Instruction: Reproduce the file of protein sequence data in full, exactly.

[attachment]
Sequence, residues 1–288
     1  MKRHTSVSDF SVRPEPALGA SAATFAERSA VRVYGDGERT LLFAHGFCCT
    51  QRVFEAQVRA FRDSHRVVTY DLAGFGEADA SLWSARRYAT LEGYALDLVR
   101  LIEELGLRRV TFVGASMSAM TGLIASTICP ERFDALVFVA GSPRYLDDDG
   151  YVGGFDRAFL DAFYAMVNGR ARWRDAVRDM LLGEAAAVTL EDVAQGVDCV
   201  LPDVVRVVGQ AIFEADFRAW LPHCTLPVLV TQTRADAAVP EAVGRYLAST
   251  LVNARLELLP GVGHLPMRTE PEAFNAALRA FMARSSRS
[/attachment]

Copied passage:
Sequence, residues 1–288
     1  MKRHTSVSDF SVRPEPALGA SAATFAERSA VRVYGDGERT LLFAHGFCCT
    51  QRVFEAQVRA FRDSHRVVTY DLAGFGEADA SLWSARRYAT LEGYALDLVR
   101  LIEELGLRRV TFVGASMSAM TGLIASTICP ERFDALVFVA GSPRYLDDDG
   151  YVGGFDRAFL DAFYAMVNGR ARWRDAVRDM LLGEAAAVTL EDVAQGVDCV
   201  LPDVVRVVGQ AIFEADFRAW LPHCTLPVLV TQTRADAAVP EAVGRYLAST
   251  LVNARLELLP GVGHLPMRTE PEAFNAALRA FMARSSRS